Important Warning: This competition has an experimental format and submission style (images as submission). Competitors must use generative methods to create their submission images and are not permitted to make submissions that include any images already classified as dogs or altered versions of such images.
To enforce and prevent cheating, we reserve the right to: (a) Visually inspect all participants’ submitted images, (b) review any submitted source code, (c) use these reviews to identify violators or determine winners, and (d) disqualify participants from the competition who are found in violation. This is also specified in the competition’s rules
Use your training skills to create images, rather than identify them. You’ll be using GANs, which are at the creative frontier of machine learning. You might think of GANs as robot artists in a sense—able to create eerily lifelike images, and even digital worlds.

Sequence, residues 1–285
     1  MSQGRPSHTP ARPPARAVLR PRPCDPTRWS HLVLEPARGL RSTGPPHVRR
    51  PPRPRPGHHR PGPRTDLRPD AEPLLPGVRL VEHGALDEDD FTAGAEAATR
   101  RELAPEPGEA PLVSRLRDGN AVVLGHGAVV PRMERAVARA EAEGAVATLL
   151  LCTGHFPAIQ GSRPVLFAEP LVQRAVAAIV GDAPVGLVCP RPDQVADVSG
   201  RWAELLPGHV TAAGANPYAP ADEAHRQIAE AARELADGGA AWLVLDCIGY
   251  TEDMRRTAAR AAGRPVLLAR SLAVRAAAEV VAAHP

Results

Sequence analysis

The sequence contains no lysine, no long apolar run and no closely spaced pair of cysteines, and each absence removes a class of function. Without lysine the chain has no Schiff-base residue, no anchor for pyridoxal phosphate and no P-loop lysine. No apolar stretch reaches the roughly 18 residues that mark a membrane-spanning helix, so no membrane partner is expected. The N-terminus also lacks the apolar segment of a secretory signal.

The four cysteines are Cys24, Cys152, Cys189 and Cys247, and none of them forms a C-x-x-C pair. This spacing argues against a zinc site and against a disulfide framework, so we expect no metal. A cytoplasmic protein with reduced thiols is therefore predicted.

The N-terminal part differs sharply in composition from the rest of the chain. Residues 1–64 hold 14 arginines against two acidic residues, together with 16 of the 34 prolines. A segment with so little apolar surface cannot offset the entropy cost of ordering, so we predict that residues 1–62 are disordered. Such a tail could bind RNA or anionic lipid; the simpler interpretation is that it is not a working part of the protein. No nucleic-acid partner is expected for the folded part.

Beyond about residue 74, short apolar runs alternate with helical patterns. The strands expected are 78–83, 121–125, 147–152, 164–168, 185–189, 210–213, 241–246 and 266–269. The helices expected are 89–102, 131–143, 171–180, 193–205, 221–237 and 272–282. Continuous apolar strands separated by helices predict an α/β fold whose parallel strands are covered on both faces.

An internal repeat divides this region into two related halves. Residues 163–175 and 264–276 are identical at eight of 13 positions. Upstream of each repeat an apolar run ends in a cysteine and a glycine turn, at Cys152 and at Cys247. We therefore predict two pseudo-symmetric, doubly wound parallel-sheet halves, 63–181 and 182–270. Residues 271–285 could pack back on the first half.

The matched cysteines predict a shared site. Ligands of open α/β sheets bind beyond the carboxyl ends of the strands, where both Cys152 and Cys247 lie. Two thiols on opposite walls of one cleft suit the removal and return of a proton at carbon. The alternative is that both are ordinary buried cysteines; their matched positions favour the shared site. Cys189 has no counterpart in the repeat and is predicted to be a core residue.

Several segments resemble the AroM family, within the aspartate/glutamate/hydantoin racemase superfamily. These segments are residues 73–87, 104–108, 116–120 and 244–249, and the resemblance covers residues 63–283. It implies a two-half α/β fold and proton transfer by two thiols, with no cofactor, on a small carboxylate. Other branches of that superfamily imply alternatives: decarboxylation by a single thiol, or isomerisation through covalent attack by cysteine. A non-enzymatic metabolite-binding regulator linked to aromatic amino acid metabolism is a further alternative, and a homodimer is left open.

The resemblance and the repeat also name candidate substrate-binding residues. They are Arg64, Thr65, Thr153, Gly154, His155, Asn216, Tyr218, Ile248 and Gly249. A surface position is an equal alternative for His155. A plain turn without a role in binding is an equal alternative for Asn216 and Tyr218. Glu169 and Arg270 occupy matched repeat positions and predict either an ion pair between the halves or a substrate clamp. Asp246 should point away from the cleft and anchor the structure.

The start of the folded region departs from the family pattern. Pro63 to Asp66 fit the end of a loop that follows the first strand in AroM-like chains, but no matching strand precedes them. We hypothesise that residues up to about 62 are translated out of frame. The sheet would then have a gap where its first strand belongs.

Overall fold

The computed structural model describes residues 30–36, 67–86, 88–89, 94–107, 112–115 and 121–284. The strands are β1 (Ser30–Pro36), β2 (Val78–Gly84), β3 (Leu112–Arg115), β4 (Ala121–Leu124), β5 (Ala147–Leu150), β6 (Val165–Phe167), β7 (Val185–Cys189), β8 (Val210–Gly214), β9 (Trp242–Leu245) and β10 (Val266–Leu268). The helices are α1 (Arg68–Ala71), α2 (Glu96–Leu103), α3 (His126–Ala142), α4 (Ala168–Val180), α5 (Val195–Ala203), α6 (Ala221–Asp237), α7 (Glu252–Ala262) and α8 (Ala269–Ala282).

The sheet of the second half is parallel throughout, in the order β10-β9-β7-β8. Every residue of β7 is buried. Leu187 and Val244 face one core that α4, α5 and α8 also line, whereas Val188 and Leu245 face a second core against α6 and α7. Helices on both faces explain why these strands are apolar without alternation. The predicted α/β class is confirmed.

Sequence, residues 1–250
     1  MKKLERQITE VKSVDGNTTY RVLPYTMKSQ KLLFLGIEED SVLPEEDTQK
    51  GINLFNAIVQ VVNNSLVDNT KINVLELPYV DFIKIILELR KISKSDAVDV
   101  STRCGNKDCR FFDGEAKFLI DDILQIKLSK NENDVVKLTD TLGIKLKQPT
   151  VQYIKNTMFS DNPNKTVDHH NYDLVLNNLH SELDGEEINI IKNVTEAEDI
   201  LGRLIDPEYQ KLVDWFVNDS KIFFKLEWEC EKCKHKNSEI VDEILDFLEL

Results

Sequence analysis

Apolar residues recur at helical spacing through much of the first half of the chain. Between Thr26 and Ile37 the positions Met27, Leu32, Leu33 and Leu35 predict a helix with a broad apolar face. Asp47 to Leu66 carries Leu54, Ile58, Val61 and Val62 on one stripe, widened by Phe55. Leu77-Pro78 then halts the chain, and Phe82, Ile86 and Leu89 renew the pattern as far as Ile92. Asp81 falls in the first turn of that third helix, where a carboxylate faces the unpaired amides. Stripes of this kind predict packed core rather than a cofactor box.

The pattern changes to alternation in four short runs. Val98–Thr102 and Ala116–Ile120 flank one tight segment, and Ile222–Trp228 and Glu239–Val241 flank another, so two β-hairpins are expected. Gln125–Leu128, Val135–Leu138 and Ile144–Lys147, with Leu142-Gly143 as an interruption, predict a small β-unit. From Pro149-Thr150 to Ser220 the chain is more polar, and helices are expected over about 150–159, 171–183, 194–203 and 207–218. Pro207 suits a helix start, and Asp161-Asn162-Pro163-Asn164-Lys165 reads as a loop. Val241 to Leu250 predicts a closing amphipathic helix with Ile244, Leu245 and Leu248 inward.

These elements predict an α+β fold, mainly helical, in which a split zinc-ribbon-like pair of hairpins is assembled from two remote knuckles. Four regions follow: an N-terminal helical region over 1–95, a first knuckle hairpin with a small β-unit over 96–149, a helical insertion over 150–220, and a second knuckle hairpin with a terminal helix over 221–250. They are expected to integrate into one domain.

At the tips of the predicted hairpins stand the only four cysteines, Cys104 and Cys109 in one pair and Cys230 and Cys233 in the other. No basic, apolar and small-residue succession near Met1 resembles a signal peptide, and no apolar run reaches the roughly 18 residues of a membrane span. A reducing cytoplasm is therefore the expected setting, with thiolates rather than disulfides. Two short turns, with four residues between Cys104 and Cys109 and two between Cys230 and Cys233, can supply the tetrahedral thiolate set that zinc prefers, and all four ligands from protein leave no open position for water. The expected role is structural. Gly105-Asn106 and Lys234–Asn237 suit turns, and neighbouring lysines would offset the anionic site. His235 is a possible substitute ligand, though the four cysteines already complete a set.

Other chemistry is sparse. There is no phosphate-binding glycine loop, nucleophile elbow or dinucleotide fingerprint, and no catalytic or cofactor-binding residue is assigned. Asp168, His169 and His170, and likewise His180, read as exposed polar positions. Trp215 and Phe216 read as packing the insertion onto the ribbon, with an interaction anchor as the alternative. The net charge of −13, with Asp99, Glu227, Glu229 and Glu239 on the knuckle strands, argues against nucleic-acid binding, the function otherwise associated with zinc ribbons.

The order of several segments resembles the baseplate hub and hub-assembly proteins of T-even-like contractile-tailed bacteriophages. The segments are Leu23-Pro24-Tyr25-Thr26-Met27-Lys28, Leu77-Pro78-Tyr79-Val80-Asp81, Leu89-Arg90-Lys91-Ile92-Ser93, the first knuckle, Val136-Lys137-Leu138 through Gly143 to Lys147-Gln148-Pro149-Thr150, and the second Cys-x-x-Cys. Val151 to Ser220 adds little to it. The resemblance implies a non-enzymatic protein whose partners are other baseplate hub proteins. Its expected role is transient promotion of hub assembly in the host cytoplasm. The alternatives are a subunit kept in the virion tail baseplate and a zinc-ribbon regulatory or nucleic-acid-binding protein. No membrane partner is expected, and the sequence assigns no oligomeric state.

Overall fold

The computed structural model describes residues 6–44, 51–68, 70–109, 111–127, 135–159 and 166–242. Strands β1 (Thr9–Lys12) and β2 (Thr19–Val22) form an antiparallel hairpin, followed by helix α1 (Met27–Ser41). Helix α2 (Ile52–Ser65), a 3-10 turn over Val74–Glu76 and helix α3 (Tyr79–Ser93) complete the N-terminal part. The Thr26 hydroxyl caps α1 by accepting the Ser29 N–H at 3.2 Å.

“You might not think that programmers are artists, but programming is an extremely creative profession. It’s logic-based creativity. ” – John Romero
A generative adversarial network (GAN) is a class of machine learning system invented by Ian Goodfellow in 2014. Two neural networks compete with each other in a game. Given a training set, this technique learns to generate new data with the same statistics as the training set.
In this competition, you’ll be training generative models to create images of dogs. Only this time… there’s no ground truth data for you to predict. Here, you’ll submit the images and be scored based on how well those images are classified as dogs from pre-trained neural networks. Take these images, for example. Can you tell which are real vs. generated?
rick question; they are all generated!
Why dogs? We chose dogs because, well, who doesn’t love looking at photos of adorable pups? Moreover, dogs can be classified into many sub-categories (breed, color, size), making them ideal candidates for image generation.
Generative methods (in particular, GANs) are currently used in various places on Kaggle for data augmentation. Their potential is vast; they can learn to mimic any distribution of data across any domain: photographs, drawings, music, and prose. If successful, not only will you help advance the state of the art in generative image creation, but you’ll enable us to create more experiments across a variety of domains in the future.
- 1st Place – $2,000
- 2nd Place – $2,000
- 3rd Place – $2,000
- 4th Place – $2,000
- 5th Place – $2,000